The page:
9. The plaintiff then filed an appeal to the High Court. The learned Single judge dismissed the appeal in limine.
10. The plaintiff then filed a Letters Patent Appeal. The High Court, however, took the point that there was no sufficient material on the record to prove that the damage to the goods was caused in the course of the transportation.
11. According to the High Court, the plaintiff had failed to establish that the goods were booked and entrusted to the railway administration at Bombay for carriages to New Delhi in a good condition. There is not an iota of evidence on this point.
12. The High Court observed:
In this state of affairs, when it is not proved that the deterioration of goods occurred in the course of transit, the very basis of the appellant's claim is lacking. In view of this patent lacuna in the appellant's evidance we have no hesitation in holding that the learned single Judge was right in rejecting the appellant's appeal, in limine.
13. The learned Counsel for the appellant, Mr. A.V. Rangam Urged that the High Court has decided the appeal on a point which was admitted in the written statement. He pointed out that in para (1) of the plaint it was stated that the potatoes were of 'first class quality' and the Union of India in their written statement stated that the contents of para (1) of the plaint art correct. He contended that the words 'first class quality' include their state or condition and, therefore, the Union of India had admitted that the goods were of 'first class quality' when they were booked. He referred to Ballentine's Law Dictionary. The meaning of word 'first class' given therein is that 'a term often used in describing goods in a contract of sale and implying that they are such as correspond with the best of their kind in general use, not merely with the best of a single manufacturer, unless, indeed, the two superlatives coincide.'
14. The learned Counsel for the appellant then referred to Section 2(12) of the Sales of Goods Act, 1930, where 'quality of goods' is defined as to include, their state or condition.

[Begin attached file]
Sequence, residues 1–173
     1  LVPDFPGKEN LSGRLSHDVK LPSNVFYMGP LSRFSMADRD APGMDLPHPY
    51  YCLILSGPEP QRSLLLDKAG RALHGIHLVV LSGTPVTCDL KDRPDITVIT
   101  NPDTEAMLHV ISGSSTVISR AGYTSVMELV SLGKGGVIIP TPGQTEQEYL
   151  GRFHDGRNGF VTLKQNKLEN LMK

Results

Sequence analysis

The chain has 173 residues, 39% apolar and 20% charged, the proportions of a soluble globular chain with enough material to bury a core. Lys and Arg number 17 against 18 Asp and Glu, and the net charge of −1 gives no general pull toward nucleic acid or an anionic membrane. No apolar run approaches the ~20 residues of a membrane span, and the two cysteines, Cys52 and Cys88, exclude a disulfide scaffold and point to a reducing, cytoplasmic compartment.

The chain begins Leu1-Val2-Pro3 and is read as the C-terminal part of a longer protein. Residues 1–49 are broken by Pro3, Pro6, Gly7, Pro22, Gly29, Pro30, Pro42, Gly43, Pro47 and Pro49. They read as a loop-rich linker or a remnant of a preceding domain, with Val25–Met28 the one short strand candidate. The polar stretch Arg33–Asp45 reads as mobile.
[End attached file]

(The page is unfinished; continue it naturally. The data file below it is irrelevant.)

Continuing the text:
15. We are unable to give this interpretation to the pleadings. It seems to us that the plaint referred to the quality of the potatoes and not to their actual condition when they were booked. There are various qualities of potatoes & the consinment of potatoes was described as 'first class quality.' Further the railway would not know of the quality pr the condition of the potatoes when they were booked because they would he in bags, especially as they were booked at the owner's risk rate.
16. It seems to us that this appeal can be disposed of on the ground that the extent of damages has not been proved in this case. The plaintiff came with a definite case that he had only taken delivery of 02 bags and left the remaining bags at the railway station. This has been negatived by all the Courts and the finding on us. Naturally after having pleaded that he only took 92 bags no evidence could be lead as to the price, if any, which was fetched by the sale of the remaining bags. We have, therefore, no information as to the exact damage.
17. We are of the opinion that the Trial Court correctly came to the conclusion that the extent of damage in the present case cannot be ascertained and therefore the plaintiff must fail, In the result the appeal fails and is dismissed. There will be no order as to the costs in the appeal as some damage was done to the potatoes and there was some delay on the part of the railway in the transportation of the potatoes.